Late night fire destroys family’s home on Beemont Road

Linda Trest
Staff Writer

Steve and Marsha Kamper’s son awoke late Thursday evening to the smell of smoke in their home in the 8100 block of Beemont Road. He alerted his father, who quickly got everyone out of the house and called 911. Marsha was at work at the time. 

Fire Chief Warren Weiss says the home is in an area that has had him worried for several months. The shortest route to the home would be north on State Route Y and then west on State Route ZZ. 

Several months ago, State Route ZZ was closed east of
Beemont Road for a bridge replacement. This meant emergency services would have to travel northwest to Drake to access the other end of State Route ZZ. 

Luckily, the bridge had been reopened only days before. 

The fire was called in at 11:31 p.m. The first vehicle arrived on the scene at 11:44 p.m., just 13 minutes after being dispatched. Once on the scene, a second alarm was immediately struck. By that time, the home was fully engulfed in flames. More equipment and personnel would be needed to fight the fire.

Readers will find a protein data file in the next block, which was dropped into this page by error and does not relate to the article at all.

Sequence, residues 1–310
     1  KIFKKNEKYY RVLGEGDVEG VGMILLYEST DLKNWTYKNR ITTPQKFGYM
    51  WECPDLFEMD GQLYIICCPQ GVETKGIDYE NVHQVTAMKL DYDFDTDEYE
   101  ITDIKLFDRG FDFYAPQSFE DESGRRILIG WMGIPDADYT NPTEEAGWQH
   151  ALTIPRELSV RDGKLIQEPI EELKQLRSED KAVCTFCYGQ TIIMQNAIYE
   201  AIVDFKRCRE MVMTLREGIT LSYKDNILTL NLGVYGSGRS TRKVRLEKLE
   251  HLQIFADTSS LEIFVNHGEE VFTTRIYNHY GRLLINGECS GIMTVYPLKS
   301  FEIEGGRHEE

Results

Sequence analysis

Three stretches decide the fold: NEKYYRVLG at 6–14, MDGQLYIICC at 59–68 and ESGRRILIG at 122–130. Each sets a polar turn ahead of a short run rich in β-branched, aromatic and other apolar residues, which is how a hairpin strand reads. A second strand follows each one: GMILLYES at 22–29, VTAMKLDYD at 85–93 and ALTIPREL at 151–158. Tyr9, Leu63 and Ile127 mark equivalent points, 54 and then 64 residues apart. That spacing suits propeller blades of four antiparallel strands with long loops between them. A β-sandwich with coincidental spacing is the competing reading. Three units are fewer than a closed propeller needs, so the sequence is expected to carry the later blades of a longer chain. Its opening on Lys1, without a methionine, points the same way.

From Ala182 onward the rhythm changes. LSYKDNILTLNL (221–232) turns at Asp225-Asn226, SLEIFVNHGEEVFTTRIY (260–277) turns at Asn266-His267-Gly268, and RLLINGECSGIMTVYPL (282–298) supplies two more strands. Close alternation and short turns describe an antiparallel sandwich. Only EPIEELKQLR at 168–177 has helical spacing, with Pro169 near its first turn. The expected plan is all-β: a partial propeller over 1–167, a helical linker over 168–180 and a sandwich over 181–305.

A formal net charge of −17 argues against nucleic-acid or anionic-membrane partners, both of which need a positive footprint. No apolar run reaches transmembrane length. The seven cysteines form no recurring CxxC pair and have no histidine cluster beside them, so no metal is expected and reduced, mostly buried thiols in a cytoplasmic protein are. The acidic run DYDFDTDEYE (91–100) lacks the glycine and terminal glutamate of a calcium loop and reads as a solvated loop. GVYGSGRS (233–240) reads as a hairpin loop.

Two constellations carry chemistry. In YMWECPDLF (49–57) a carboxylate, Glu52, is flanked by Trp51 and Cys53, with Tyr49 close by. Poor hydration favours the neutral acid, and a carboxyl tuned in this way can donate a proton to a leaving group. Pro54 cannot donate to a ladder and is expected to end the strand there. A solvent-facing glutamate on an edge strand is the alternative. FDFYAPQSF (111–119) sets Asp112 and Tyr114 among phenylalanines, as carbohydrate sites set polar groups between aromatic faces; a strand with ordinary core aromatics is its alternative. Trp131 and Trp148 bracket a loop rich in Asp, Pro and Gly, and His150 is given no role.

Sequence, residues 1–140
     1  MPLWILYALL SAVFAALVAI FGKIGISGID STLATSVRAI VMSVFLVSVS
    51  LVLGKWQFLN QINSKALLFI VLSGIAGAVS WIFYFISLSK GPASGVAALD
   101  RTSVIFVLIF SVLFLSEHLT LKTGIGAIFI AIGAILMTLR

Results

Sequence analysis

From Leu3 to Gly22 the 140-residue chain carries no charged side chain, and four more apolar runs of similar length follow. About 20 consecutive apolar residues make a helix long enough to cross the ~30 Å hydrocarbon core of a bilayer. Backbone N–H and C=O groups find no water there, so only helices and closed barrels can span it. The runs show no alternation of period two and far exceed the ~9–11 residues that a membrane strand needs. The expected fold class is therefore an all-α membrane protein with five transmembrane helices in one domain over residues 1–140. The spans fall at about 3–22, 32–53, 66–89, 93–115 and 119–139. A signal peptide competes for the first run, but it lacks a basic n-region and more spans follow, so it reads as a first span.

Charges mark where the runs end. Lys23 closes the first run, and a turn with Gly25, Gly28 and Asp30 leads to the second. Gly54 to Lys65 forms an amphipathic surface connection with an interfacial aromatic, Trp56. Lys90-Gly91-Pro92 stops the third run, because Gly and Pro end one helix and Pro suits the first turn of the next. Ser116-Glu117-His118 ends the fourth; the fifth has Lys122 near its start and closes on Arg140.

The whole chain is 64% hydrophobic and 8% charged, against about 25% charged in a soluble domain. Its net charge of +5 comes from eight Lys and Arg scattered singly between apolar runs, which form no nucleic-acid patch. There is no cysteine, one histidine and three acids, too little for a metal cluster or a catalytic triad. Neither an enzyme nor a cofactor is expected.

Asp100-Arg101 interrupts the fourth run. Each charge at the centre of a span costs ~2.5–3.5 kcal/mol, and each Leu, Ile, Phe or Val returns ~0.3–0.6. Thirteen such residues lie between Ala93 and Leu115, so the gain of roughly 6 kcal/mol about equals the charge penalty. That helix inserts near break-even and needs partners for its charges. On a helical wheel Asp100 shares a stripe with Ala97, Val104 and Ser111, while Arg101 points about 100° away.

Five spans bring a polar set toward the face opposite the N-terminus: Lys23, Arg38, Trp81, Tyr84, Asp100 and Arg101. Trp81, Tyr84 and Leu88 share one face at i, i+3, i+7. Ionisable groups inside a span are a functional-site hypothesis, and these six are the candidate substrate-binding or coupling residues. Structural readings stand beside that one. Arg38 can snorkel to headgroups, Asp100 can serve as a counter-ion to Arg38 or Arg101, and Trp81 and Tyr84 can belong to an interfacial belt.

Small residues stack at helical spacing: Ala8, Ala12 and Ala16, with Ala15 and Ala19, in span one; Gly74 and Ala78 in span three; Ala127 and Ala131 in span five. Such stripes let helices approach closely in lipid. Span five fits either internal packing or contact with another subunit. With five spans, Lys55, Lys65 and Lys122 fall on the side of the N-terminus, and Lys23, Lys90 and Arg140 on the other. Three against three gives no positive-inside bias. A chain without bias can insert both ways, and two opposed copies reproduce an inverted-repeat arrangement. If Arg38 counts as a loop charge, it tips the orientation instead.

Deputy Chief Justin Haase commanded the scene. By 12:40 p.m. the fire was under control. Crews remained on site until 2:37 a.m.

Weiss, who was not able to attend the call, says Haase and the rest of the department did a great job knocking the fire down.

They were joined in their efforts by personnel and equipment from Beaufort-Leslie, Owensville and New Haven-Berger fire departments. Sullivan provided an engine and crew to stand by at the Gerald firehouse. 

A fill site was set up at Lost Valley Lake only two to three miles away. This saved sending the tankers back into town for more water.

The house is considered a total loss, but Weiss says  most of the damage was to the middle section. 

“Both ends of the house are still standing and the roof is still on,” Weiss noted. “The place would be a pile of rubble if the bridge had not been open.”

The home was equipped with hard-wired smoke detectors but they did not go off. The fire appears to have started in the area of the kitchen stove, according to Weiss.

It is important for everyone to have a plan of action in place before a fire strikes your home. Have an escape plan in place; go over it regularly. Get out immediately and stay out. Designate a safe meeting spot to quickly make sure everyone has gotten out of the house.

Weiss notes that most deaths in a fire occur when someone re-enters a burning building. 

In this case, no one went back into the building. There were no injuries to either the family or the department members.